By Vincent Schilling, TODAY CORRESPONDENT
VIRGINIA BEACH, Va. - Indian Country Today spoke with Richard Peter, Cowichan, Aboriginal Canadian Wheelchair Basketball Association basketball player. Peter spoke from his hotel room in Beijing after a long day of sightseeing. He was resting for the night and preparing himself for the 2008 paralympic games being held in Beijing.
Injured in a bus accident at the age of four, Richard found himself in a wheelchair. Undaunted by his circumstances, Richard embraced his life;s situation and still climbed the ladder to athletic success. To date, Richard has won 18 international medals and 13 national medals in wheelchair basketball.
Indian Country Today: How was your life affected at four years old?
Richard Peter: I really didn't realize it was a disability back then. A lot of people treat you differently. Living in a very small town about 20 years ago with a disability was tough. Things were not as wheelchair accessible as they are nowadays. It was a little harder to go to school, even in my family a lot of my uncles and aunts had stairs.
ICT: You were born in Duncan, British Columbia?
Peter: Yes, on Vancouver Island, I was born and grew up on the reservation with the Cowichan tribe.
ICT: When did you first become introduced to wheelchair basketball?
Peter: When I was about 14 or 15 years old, a wheelchair basketball demo team came to my school. They introduced me to wheelchair sports. That was the first time I had ever seen it. I didn't want to go. I didn't want to check it out, but they dragged me out there to try wheelchair basketball. I tried it and decided that was the sport for me.
ICT: Within seven years after being introduced to wheelchair basketball, you made Canada's national team, that's quite an accomplishment.
Peter: It was really good, because at the time I had the national team coach in B.C. I was able to train and learn a lot of stuff from him.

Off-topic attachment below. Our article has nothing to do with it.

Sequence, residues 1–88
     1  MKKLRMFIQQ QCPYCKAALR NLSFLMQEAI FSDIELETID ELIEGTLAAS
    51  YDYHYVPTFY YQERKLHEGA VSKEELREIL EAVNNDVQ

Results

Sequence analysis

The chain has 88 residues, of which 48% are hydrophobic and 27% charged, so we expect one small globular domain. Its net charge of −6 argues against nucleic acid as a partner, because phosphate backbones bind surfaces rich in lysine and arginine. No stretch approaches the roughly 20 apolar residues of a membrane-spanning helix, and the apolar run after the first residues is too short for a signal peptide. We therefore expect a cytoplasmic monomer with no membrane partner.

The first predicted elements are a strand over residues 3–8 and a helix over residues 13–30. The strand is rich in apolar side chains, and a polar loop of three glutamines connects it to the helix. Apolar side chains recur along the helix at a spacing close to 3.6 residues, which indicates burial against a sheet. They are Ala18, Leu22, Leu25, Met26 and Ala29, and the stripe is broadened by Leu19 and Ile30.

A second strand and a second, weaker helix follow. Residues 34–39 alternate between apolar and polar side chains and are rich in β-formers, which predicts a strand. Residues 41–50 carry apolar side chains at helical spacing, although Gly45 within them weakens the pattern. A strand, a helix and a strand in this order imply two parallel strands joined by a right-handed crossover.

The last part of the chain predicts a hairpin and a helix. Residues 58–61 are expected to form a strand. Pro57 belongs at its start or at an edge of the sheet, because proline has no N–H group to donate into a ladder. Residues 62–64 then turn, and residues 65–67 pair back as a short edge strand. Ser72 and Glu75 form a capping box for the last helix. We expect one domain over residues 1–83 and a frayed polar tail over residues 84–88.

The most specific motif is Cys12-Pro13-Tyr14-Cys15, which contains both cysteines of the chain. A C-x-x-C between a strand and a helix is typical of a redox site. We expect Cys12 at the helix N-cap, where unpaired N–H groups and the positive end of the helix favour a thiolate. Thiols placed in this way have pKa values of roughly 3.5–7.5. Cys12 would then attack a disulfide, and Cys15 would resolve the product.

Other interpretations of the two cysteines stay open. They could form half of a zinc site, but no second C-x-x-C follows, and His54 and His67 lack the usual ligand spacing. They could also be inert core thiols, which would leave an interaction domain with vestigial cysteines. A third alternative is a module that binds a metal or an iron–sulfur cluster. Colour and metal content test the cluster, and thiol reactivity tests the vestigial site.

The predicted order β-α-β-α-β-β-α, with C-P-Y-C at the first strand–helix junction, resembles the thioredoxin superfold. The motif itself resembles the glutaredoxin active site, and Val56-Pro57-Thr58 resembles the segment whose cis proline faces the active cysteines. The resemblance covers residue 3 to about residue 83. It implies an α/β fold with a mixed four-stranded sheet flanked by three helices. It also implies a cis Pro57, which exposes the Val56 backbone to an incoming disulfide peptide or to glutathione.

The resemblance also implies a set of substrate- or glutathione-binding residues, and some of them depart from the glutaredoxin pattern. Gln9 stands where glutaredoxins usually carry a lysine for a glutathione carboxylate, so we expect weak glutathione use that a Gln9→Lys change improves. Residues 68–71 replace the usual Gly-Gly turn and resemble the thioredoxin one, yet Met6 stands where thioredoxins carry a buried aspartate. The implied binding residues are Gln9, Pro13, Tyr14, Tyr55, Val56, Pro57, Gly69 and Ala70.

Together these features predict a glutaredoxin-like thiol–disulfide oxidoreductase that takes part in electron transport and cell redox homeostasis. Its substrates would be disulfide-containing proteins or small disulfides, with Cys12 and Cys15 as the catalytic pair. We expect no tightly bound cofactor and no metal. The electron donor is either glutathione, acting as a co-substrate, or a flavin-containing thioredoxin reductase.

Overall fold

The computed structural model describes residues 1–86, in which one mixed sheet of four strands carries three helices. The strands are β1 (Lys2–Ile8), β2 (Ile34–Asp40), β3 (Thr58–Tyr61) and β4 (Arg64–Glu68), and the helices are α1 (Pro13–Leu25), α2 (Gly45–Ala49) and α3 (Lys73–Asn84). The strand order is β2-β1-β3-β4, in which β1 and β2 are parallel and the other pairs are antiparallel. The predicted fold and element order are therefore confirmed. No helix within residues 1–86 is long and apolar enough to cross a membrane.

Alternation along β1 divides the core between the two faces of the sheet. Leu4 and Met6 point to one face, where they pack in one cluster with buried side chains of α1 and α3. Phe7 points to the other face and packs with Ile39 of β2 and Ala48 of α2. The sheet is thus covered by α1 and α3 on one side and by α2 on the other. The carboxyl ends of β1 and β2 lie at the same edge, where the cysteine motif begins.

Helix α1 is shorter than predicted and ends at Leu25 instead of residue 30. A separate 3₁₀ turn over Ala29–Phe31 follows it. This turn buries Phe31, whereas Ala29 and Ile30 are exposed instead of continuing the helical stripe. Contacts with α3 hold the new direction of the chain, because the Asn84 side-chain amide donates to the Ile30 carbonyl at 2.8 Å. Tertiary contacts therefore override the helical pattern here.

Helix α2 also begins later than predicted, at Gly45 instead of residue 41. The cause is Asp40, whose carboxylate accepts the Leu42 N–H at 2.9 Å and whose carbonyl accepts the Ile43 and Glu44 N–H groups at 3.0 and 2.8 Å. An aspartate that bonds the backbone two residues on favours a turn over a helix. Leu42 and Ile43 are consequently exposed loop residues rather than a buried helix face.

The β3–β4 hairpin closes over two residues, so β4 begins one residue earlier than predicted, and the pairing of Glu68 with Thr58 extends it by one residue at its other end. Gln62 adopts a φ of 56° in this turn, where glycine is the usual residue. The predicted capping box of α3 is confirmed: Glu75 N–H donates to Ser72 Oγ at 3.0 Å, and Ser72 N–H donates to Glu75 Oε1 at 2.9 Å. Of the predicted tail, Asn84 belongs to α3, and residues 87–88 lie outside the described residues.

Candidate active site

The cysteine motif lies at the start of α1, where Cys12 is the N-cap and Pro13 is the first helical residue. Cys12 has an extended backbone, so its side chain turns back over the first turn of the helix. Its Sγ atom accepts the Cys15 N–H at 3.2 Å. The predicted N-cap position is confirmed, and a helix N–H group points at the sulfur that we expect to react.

ICT: In 2000, you attended the Paralympic Summer games in Sydney, Australia and won a gold medal. Then you received the Tom Longboat national award for aboriginal male athlete of the year. How did you feel about those honors?
Peter: It was great to win a gold medal at the Paralympic games. That is one of the top moments of my life so far. And then to come back and be acknowledged by your peers and everybody from back home, that was great to come back home to that. That was definitely a good year.
ICT: Then you also won the gold medal at the Paralympic Games in Athens in 2004.
Peter: Well, it's definitely a team game. I'm not the only one that deserves the award.
ICT: Then as part of team B.C. you helped your team claim the gold medal at the 2007 and 2008 national championships. You were also named the 2007-08 CWBA male player of the year.
Peter: Last year was quite a good year for me also. I got a few awards here and there, (laughs good-naturedly.)
ICT: You were also asked to become a member of Team Visa.
Peter: It was something that definitely helped me out. I applied like many other athletes around the country. They took me on and helped sponsor me. I was able to get out there and train and get the equipment that I needed. They helped me financially, so I don't have to work as much and can focus on playing sports.
ICT: What do you expect out of the games in Beijing?
Peter: Canada is one of the top ranked teams, however, when we were qualifying the American team beat us. So we are going to have to get back in and see what happens. We are going to have to stay focused every game.
ICT: How do you feel being an aboriginal?
Peter: I'm one of the few - and it's always been a good challenge for me. I want to represent Canada and my tribe back home the best way that I can. I want to make sure I am keeping up their name and honor.
ICT: Your personal motto is ''You're not always here for a long time, so make it a good time.''
Peter: Yeah, my wife always bugs me about that one. (laughs) I'm always out here having a lot of fun, no matter whether we are winning or losing.